(Quebec) The work of the opposition has been “almost impossible” particularly during the first wave of the pandemic, largely because of the government, according to the Parti Québécois (PQ).

PQ leader Paul St-Pierre Plamondon endorses the conclusions of an academic study recently published in a specialized scientific journal and distributed by La Presse Canadienne1.

After analyzing hundreds of interventions, the researchers conclude, with both quantitative and qualitative data, that the ability of opposition parties to monitor government action has been “clearly undermined”.

In a telephone interview on Monday, the leader of the PQ said he agreed with the findings of the study.

“The confusion was complete” between the prime minister and the director of public health, who were doing their press conference together, during prime time, day after day, without the space reserved for the voices of the opposition being the less proportionate, argued Mr. St-Pierre Plamondon.

Furthermore, there was “no transparency on the scientific basis of each decision” and, as a result, this created a “very difficult environment for healthy democratic dialogue”, he continued.

In the eyes of Mr. St-Pierre Plamondon, the government has contributed to the ostracization of opposition parties for political purposes during the pandemic.

“The government has actively participated [in the climate of weakening of the opposition] not only through the use of press briefings for political purposes, to impose its version, but also online, by asking the staff of the Assembly the CAQ’s National Assembly to treat each elected member of the opposition parties as a conspirator, or to accuse them of being against science. »

In these very tense circumstances, where the media relayed points of view that were rightly very critical of disinformation and conspiracy, it was easy for the government “to associate any legitimate question or criticism with conspiracy, which made it difficult for the very difficult oppositions,” the PQ leader continued.

The Caquiste government has thus polarized opinion and thrown into the arms of certain extreme currents of citizens who nevertheless were only asking questions or expressing their skepticism, regretted Mr. St-Pierre Plamondon.

The leader of the PQ hopes that, in the absence of a commission of inquiry that he had called for on the management of the health crisis, academics will continue their research to advance knowledge and to avoid repeating the same errors during a possible crisis.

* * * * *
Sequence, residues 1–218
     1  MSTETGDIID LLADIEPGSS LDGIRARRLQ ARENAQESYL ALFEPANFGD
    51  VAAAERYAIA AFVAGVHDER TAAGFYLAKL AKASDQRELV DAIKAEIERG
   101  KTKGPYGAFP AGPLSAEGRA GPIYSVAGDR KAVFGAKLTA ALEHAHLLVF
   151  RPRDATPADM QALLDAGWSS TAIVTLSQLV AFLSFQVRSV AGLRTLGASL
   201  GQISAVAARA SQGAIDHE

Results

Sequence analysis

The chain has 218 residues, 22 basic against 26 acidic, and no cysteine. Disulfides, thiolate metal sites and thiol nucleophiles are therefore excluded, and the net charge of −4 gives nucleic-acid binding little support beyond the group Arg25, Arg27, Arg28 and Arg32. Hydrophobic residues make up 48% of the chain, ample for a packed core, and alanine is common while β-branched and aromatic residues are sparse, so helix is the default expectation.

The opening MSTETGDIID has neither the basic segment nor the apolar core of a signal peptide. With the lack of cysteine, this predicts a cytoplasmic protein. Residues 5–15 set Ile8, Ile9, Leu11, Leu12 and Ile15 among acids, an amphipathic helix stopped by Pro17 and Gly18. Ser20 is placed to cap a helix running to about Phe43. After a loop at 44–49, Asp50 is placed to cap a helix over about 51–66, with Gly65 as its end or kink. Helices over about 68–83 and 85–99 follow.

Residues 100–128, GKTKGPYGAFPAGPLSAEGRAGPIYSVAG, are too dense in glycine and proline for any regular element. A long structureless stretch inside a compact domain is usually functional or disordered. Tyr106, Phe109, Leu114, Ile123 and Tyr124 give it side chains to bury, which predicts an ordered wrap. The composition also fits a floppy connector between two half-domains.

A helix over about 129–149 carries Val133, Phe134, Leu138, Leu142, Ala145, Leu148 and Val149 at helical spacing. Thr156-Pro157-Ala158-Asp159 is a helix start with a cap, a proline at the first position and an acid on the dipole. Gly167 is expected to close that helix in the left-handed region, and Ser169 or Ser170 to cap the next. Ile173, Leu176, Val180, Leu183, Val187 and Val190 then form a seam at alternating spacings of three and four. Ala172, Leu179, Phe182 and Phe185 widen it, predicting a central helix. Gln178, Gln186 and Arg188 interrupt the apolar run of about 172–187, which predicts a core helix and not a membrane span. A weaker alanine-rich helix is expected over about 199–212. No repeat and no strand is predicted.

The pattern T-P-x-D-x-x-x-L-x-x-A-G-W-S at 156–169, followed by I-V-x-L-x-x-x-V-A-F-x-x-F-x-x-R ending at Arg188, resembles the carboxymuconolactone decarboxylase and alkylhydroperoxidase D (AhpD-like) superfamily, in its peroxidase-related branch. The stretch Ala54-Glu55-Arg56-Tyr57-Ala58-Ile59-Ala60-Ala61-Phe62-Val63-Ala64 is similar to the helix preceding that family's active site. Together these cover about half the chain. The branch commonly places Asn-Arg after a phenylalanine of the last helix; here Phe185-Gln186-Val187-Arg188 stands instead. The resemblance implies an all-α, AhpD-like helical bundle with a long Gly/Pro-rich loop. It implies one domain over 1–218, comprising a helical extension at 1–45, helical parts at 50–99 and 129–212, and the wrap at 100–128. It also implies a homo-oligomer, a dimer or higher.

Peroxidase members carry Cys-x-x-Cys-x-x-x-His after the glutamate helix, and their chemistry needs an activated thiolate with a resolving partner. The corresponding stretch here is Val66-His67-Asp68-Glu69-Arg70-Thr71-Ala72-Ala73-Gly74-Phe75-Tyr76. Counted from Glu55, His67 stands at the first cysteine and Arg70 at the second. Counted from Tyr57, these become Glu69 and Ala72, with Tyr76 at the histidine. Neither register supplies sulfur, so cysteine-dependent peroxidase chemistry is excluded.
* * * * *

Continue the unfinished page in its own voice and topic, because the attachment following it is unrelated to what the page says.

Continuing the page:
The article by the university researchers appeared in English in the scientific journal Journal of Legislative Studies.

The authors noted that due to the context, the Liberal Party (PLQ) as well as Québec solidaire (QS) and the PQ therefore renounced criticism and personal attacks and opted instead for the formulation of proposals.

They made up to almost seven times more interventions with proposals than critical interventions, compared to the level before the pandemic.

But still, it remained a minefield for the opposition parties, according to Mr. St-Pierre Plamondon.

“The mere fact of formulating proposals quickly led to accusations of being against science, of being against the solidarity of Quebecers. And these accusations came from the Prime Minister himself on several occasions. »

No less than 657 parliamentary interventions, either statements or questions, as well as 728 interventions in the media were analyzed, between January 2019 and December 2020. This thus allowed a comparison with a pre-pandemic sample, from January 2019 to March 2020.

Of the 657 interventions carried out, 163 (24.8%) were made after the declaration of the state of emergency.

Similarly, of the 728 interventions in the media, 303 (41.6%) were made after the announcement of the state of emergency.

The interventions selected were those of the spokespersons for Education, Health and Public Safety, who were the most solicited during the pandemic.

The study was carried out by Jeanne Milot-Poulin, Lydia Laflamme, Jeanne Desrosiers, Cédrik Verreault, Carolane Fillion, Nicolas Patenaude as well as Professor Marc-André Bodet.